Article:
Apple Watch utilizes a flexible AMOLED screen with 326ppi density. The 38mm model has a 1.34" screen with 272 x 340 pixels, while the 42mm packs a 1.53" unit with 312 x 390 pixel resolution. It's pretty much the first Apple device to come with AMOLED screen.
Using an AMOLED display pretty much guarantees excellent viewing angles and punchy colors as is the case with the Apple Watch. The contrast is superb and the blacks are as deep as they come.
|Display test||50% brightness||100% brightness|
|Black, cd/m2||White, cd/m2||Black, cd/m2||White, cd/m2|
Another benefit of the AMOLED tech is the great sunlight legibility - something very important for a watch. We can confirm the Apple Watch is indeed great under bright sunlight and you'll have no problem using it outside.
Apple Watch doesn't come with a SIM card slot as some competitors like the Samsung Gear S or the LG G Watch Urban LTE, which means it can't connect to a mobile network and can't operate as a standalone device. Sure, you can take it outside without your iPhone, and use it for listening music and tracking, but to get the full functionality you'll need to hook it to your primary device.
The Watch supports Bluetooth 4.0 LE for connection with your iPhone and wireless headset.
We noticed something really odd - if you are using a Bluetooth hands-free device or a hands-free car system, you'll have to change the automatic connection from your iPhone to your Watch. Otherwise the Watch won't prioritize those as primary talking devices and will make you switch manually each time. If you don't do this - each time you dial someone from within the Watch Phone app, you'll have to talk and listen through your Watch, which doesn't make sense at all.
While connecting your Bluetooth device to the Watch instead of the iPhone is a solution, the iPhone-Watch-handsfree double bridge creates a monstrous lag that will render your call awkward and annoying. This needs to be fixed and pretty quickly at that.
There is also support for Wi-Fi b/g/n and the Apple Watch can connect to your iPhone via Wi-Fi Direct even when your Bluetooth is off.
There is also NFC, which is needed for the Apple Pay service.
Finally, the Watch supports wireless inductive charging and uses a magnetic cable similar to the MagSafe charger for the MacBook lineup.
The 38mm Apple Watch is powered by a 205 mAh battery, while the 42mm battery capacity is still unknown. We did some exhaustive testing on the 38mm battery in order to give you a better idea on what to expect. As you may know the Watch battery life topic turned out quite hot as Apple is officially giving it 18h.
We started our day at 100% battery at 8:30 AM in the morning. After a 45 min outdoor workout, a 15s voice call, 5 Siri interactions, 5 Viber previews, 1 min of scrolling through Glances, and 70 time checks (up to 2s each) we ended up at 60% battery at 1 PM.
Throughout the afternoon we checked the time 40 times (each up to 2s), accumulated 5 min of using different apps (including Glances a.k.a. widgets) usage, used the heart-rate monitor 5 times manually, and the Watch rang 5 times for call notifications and dinged about 10 times for emails or Viber alerts. By 8:30 PM the Watch battery dropped down to 20%.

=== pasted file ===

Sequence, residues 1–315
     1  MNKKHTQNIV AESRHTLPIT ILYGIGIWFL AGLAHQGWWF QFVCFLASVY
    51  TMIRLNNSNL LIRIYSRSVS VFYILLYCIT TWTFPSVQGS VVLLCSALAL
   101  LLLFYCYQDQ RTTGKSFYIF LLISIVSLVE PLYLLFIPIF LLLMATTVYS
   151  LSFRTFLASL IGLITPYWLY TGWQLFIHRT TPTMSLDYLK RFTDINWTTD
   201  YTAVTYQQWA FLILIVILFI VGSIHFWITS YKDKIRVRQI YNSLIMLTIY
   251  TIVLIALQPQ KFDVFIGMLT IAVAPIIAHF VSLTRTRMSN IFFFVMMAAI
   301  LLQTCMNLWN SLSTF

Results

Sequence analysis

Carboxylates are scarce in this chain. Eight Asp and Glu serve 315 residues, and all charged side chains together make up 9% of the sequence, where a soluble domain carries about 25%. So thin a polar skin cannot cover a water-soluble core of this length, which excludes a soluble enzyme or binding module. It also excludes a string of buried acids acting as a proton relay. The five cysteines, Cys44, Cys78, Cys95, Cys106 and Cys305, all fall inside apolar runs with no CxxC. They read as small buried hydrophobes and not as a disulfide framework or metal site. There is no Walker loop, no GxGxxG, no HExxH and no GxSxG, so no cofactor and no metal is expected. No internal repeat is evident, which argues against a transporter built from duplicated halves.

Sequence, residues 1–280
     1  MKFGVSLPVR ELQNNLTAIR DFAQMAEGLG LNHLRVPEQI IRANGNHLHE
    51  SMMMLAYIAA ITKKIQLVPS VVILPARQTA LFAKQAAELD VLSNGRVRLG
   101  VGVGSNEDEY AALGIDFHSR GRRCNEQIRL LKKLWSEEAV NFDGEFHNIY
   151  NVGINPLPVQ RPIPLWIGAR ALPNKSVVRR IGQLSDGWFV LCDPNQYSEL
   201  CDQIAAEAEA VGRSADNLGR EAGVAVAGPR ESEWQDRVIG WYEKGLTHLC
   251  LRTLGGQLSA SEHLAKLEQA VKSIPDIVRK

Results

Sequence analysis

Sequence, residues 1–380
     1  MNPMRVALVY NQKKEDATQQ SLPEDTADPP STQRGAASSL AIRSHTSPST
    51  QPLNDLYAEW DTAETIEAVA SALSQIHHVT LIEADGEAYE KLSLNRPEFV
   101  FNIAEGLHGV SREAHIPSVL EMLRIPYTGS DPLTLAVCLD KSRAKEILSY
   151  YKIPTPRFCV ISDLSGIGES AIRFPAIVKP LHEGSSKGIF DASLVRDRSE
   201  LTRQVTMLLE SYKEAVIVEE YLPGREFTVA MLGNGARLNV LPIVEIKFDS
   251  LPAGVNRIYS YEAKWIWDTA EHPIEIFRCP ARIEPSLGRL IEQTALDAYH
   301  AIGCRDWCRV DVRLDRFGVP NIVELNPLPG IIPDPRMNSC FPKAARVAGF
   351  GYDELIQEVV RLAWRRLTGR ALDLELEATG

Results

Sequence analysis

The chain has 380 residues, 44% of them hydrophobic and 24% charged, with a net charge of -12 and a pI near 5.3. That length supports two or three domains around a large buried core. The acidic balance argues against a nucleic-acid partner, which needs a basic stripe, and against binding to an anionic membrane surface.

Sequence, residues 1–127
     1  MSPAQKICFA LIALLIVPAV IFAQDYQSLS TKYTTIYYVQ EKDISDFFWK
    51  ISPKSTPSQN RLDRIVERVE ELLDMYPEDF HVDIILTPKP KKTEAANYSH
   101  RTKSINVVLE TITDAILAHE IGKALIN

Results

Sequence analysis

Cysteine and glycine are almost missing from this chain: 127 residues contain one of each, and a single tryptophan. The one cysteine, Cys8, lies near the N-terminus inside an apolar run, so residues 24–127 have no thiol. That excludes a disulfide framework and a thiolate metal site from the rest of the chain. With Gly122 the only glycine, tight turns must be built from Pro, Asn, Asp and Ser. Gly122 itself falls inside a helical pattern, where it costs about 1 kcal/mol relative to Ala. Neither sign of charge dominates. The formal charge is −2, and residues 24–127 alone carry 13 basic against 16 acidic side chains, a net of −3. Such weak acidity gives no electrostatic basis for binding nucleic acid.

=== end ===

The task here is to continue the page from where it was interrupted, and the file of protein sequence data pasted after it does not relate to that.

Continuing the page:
After work, at home, we check the time 15 times (each up to 2s), did 2 additional pulse measurements and used some apps for a total of 1 min. At 11PM the Watch got its battery drained down to 10% and entered in Power Reserve mode, which turns it into a simple time-telling device but lets it last for about half a day.
After digging in the Health app we found app the Apple Watch used the heart-rate monitor starting 8:30AM to 11PM 285 times, including our few forced checks.
For the second test we chose a simpler watchface, which doesn't require much GPU power for animations (the X Large one) and managed to squeeze about 5-6 hours more. So we can confirm that choosing a GPU-efficient face will boost the Watch battery life.
Then we turned off the heart-rate measurements (the Watch does about 200-300 of those each day) from the Apple Watch app -> Privacy. This gave us around 6 extra hours of battery life.
So after a while we were able to achieve two full days of battery life hassle free by turning off the heart-rate monitor, opting for a simpler watchface and using the Power Reserve battery saving mode while asleep for the two nights.
Of course that last scenario is rather limiting so the fact remains that more often than not you'll have to charge your Watch every night. It's hardly ideal to have another device to charge every time you go to bed and it's notably worse than what some of its competitors offer - some can easily go for 3-4 days.
Then again, it's not as bad as some feared - the battery backup will always be more than enough to last you through a day so you won't have to do a second charging during the day. That might change if more apps worth using appear and you spend more time using them, but for now things are okay.
The 2m-long inductive charger is magnetic and clicks on the Watch very well, as the MagSafe plug does on the MacBooks. Recharging does take quite a lot of time - a depleted Watch takes about 3 hours to go back to full.
Our experience with the 42mm Apple Watch showed that its battery lasts slightly longer, but not enough to allow us to reach home on a second day so again we ended up charging it daily.